Yolles, J. N., Lee-Stubbs, R. B. 2021. Comparison of direct and indirect methods of measuring arterial blood pressure in healthy, anesthetized African green monkeys (Chlorocebus aethiops). JAALAS 60(2), 229-237.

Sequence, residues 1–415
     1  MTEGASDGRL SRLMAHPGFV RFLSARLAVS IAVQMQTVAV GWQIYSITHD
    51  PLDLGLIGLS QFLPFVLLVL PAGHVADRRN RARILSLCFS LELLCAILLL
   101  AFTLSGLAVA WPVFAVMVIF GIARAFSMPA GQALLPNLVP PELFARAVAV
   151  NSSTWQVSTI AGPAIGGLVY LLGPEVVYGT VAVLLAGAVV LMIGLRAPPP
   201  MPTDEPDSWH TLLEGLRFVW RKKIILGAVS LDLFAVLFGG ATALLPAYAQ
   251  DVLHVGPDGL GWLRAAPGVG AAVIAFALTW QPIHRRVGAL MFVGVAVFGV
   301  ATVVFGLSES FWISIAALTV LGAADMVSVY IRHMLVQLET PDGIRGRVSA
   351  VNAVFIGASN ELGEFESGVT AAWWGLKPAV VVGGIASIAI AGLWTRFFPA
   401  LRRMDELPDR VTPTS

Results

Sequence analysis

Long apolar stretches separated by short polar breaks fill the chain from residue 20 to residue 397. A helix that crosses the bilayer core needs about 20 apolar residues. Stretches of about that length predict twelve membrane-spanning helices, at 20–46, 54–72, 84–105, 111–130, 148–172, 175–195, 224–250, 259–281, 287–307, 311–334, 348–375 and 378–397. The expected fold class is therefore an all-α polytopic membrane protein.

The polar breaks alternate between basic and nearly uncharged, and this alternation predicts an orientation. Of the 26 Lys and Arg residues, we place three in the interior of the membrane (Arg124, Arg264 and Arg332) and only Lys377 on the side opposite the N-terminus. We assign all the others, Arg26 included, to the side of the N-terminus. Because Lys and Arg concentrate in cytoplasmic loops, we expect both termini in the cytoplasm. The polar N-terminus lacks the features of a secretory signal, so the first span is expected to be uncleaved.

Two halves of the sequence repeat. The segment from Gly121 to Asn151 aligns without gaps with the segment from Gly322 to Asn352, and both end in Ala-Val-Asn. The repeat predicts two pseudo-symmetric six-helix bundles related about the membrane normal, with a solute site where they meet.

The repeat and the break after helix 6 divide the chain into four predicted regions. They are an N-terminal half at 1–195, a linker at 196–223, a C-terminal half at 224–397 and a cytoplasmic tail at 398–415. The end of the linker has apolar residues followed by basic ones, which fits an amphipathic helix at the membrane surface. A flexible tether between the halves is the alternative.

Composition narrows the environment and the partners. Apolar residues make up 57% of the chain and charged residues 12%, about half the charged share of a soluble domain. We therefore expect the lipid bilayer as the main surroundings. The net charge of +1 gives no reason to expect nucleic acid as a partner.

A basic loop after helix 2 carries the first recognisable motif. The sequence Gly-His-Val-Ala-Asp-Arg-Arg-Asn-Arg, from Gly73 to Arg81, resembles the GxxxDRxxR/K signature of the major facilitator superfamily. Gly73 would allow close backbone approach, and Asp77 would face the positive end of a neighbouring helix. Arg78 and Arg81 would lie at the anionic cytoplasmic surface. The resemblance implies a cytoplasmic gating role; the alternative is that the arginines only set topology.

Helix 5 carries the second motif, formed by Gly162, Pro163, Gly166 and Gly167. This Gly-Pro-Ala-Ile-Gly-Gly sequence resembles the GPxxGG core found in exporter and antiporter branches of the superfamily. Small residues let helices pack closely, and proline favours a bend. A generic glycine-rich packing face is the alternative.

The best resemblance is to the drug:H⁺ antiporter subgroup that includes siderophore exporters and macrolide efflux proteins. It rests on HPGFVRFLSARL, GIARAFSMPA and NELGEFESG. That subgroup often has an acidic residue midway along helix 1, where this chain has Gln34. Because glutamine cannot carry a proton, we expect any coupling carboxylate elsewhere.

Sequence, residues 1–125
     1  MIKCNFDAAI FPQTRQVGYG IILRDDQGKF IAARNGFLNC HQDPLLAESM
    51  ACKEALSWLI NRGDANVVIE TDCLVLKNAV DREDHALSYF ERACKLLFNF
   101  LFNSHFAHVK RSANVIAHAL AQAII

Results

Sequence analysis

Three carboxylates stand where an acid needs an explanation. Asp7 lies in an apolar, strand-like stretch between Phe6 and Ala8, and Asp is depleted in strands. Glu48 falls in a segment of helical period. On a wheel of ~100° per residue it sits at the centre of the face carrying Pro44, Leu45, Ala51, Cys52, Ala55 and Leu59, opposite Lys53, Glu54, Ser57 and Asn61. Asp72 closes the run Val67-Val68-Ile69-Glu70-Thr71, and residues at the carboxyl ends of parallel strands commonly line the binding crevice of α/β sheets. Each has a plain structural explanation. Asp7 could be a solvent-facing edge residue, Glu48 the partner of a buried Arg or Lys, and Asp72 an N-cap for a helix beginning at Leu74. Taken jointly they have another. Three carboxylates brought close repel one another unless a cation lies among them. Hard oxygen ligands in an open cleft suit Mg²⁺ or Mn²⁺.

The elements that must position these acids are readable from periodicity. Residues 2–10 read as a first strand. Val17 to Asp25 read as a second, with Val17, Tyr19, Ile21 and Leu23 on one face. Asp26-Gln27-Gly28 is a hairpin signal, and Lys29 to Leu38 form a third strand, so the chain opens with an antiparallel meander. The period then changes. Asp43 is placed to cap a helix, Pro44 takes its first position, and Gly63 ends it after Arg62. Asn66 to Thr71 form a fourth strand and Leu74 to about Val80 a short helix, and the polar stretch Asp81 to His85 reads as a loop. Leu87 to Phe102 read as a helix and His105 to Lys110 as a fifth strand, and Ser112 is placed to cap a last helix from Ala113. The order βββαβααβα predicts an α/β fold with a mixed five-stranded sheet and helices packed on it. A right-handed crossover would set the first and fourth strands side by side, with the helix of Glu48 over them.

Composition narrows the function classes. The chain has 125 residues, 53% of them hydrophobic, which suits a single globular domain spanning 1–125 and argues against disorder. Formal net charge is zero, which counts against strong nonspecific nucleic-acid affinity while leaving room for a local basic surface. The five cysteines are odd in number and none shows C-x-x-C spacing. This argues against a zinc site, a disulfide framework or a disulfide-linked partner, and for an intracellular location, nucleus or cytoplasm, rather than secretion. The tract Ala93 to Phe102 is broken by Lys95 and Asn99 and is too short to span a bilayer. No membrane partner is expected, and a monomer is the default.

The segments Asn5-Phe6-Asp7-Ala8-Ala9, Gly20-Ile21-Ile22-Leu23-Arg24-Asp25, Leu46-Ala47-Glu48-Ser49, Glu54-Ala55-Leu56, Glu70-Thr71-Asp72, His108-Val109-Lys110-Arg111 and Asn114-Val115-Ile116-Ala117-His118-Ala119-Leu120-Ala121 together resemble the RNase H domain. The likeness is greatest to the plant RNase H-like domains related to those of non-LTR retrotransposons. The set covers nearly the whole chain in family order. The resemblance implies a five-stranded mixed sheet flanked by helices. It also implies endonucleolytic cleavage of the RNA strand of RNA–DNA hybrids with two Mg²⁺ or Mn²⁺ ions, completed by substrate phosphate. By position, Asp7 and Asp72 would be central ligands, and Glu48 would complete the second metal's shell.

Quantitative blood pressure measurement is a critical parameter for assessing cardiovascular health, monitoring physiologic status under anesthesia, and making clinical decisions. The placement of an arterial catheter is the most accurate way to measure blood pressure, but is invasive and perhaps uncomfortable for the patient, requires sedation or anesthesia, and is technically challenging for staff. Noninvasive devices and methods, including oscillometry, high-definition oscillometry, and Doppler flow can be used to measure blood pressure. However, the American College of Veterinary Internal Medicine guidelines state that blood pressure should be measured using devices that have been validated in the species of interest and under the circumstances in which the measurement is being made. The alternatives listed above have not been validated in this manner. The objective of this study was to compare indirect ultrasonic Doppler flow detection and oscillometric blood pressure measures with direct arterial measurement in 8 healthy, anesthetized African green monkeys using the methods of Bland-Altman to assess agreement. Our results indicated that neither Doppler flow nor oscillometry consistently estimates direct blood pressure measurements in anesthetized African green monkeys. In 6 female monkeys, which weighed less than the 2 male subjects, the indirect Doppler measurement more closely predicted direct mean arterial pressure, indicating Dop- pler flow may be useful for monitoring mean arterial pressure in small patients.